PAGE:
"The Telegraph reports today: The nuclear fuel in three of the reactors at the Fukushima Dai-Ichi nuclear plant has melted through the base of the pressure vessels and is pooling in the outer containment vessels, according to a report by the Japanese government. The findings of the report, which has been given to the International Atomic Energy Agency, were revealed by the Yomiuri newspaper, which described a "melt-through" as being "far worse than a core meltdown" and "the worst possibility in a nuclear accident."
Other portions of the Telegraph article underplay the severity of the crisis, such as: "The fuel appears to be stable at present as it is being cooled by water pumped into the vessels, although it will complicate the emergency recovery plan put forward by the government." But we now know that this happened at the very beginning of the accident, so I see no particular additional affects on human health, he said.
Alexander Higgins notes: "The Telegraph report once again echoes statement from TEPCO that the fuel at the plant is now being cooled and that plant is stable. However, we have heard the same exact statements from TEPCO day after day for almost three months now. We heard it when there was no meltdown. and an were assured the rods were stable so the risk of meltdown was little to none. The media printed the statements.
Indeed, as NHK reported Saturday: "The operator of the damaged Fukushima Daiichi nuclear plant says steam was observed coming out of the floor of the No.1 reactor building, and extremely high radiation was detected in the vicinity. TEPCO said it found that steam was rising from a crevice in the floor, and that extremely high radiation of 3,000 to 4,000 millisieverts per hour was measured around the area. The radiation is believed to be the highest detected in the air at the plant. TEPCO says the steam is likely coming from water at a temperature of 50 degrees Celsius that has accumulated in the basement of the reactor building."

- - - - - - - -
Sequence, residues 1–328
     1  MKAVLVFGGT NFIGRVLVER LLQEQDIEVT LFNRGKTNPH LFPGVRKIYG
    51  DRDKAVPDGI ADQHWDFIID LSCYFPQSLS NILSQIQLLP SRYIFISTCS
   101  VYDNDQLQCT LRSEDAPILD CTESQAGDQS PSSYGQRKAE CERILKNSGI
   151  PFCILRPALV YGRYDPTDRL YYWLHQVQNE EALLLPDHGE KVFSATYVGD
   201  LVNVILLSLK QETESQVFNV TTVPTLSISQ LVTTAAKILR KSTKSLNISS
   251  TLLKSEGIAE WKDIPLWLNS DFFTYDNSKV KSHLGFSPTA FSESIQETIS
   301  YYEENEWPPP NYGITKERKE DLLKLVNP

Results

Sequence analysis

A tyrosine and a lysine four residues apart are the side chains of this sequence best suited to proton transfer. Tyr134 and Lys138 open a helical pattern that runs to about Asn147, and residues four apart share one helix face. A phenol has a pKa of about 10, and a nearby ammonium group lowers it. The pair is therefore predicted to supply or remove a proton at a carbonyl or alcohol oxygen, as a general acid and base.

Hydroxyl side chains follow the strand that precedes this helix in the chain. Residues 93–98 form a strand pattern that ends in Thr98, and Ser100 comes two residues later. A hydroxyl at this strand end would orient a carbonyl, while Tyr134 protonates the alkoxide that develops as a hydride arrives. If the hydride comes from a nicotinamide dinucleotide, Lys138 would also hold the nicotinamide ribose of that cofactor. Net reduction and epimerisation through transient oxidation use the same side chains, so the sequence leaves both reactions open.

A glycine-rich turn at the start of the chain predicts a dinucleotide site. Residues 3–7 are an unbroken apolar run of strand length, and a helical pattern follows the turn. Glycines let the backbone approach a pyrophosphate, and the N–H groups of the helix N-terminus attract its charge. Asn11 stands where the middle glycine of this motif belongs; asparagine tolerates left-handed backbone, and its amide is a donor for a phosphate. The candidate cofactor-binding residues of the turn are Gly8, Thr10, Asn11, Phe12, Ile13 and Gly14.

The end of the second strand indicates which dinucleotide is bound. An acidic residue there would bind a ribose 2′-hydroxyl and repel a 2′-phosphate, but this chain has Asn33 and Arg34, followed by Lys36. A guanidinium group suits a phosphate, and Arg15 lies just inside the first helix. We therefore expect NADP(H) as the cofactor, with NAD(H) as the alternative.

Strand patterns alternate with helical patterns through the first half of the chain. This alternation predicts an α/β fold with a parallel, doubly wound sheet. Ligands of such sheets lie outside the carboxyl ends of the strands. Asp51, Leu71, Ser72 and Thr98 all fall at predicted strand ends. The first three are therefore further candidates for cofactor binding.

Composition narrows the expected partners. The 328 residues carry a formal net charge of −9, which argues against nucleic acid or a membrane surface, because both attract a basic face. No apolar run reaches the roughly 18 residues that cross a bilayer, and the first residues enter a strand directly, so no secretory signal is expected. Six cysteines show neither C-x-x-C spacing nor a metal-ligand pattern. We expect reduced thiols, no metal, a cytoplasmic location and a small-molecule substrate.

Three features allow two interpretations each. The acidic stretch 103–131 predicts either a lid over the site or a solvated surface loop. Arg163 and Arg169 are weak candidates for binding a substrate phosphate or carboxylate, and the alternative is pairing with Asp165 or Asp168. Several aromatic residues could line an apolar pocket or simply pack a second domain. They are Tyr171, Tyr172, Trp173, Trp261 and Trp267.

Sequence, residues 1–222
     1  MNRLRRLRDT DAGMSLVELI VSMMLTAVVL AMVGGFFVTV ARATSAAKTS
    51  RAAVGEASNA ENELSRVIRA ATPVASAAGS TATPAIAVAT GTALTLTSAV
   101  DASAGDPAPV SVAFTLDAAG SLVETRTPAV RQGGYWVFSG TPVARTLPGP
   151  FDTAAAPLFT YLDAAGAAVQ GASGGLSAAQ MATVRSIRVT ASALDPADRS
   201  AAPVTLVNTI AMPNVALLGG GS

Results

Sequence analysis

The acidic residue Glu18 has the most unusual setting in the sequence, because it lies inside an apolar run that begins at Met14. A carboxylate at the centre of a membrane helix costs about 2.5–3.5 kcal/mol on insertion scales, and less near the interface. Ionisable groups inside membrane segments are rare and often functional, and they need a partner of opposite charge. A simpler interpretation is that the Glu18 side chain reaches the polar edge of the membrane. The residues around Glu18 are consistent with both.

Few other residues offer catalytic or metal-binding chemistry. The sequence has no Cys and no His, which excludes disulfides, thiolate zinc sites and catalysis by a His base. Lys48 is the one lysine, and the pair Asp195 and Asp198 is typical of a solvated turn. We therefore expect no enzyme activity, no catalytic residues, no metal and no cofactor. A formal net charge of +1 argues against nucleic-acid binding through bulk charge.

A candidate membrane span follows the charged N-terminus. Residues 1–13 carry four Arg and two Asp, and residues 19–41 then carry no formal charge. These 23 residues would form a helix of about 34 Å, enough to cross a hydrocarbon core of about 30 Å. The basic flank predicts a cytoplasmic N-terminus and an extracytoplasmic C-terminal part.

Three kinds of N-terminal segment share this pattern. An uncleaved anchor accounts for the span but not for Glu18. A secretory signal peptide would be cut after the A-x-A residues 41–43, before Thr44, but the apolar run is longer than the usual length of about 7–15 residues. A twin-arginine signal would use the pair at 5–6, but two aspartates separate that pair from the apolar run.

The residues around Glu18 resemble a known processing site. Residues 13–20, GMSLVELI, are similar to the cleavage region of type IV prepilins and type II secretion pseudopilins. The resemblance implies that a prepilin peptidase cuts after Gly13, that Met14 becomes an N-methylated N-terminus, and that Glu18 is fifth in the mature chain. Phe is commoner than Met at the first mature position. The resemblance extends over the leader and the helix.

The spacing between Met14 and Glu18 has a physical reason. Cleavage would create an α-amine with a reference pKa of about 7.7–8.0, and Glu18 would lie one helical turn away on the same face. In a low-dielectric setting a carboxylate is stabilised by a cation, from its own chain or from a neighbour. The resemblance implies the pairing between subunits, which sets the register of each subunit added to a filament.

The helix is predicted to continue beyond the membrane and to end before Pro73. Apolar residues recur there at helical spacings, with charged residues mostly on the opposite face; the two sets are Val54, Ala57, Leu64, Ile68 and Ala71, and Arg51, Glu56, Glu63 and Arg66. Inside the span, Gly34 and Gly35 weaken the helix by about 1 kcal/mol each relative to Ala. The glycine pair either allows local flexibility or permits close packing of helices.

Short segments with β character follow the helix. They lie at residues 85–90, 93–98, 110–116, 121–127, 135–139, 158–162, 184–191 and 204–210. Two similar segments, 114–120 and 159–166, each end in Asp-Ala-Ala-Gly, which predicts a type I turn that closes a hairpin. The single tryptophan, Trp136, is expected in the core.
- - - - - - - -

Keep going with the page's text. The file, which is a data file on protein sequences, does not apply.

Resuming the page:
And Japan Times reports today: "The government should consider evacuating children and pregnant women from a wider area around the Fukushima No. 1 power plant because radiation levels remain high even outside the 20-km no-go zone, Kumi Naidoo, executive director of Greenpeace International, said Thursday in Tokyo. Naidoo's team of radiology experts found hot spots that had a maximum hourly reading of 45 microsieverts of radiation alongside a school zone.
During the news conference, Jan Beranek, an expert on radiology from Greenpeace International who joined Naidoo's trip to Fukushima, recommended that the government widen the evacuation zone to at least 60 or 70 km from the power plant. He said there were parks and public spaces where the level of radiation activity hit 9 microsieverts per hour. Even some nursery schools that have already undergone a decontamination process had a relatively high reading of 0.5 microsievert per hour, he said. That would translate into an annual exposure of 5 millisieverts, which was the evacuation threshold for Chernobyl, Beranek said. The government recommends a maximum intake of 1 millisievert a year during normal times, but raises that to 20 millisieverts in times of a nuclear accident.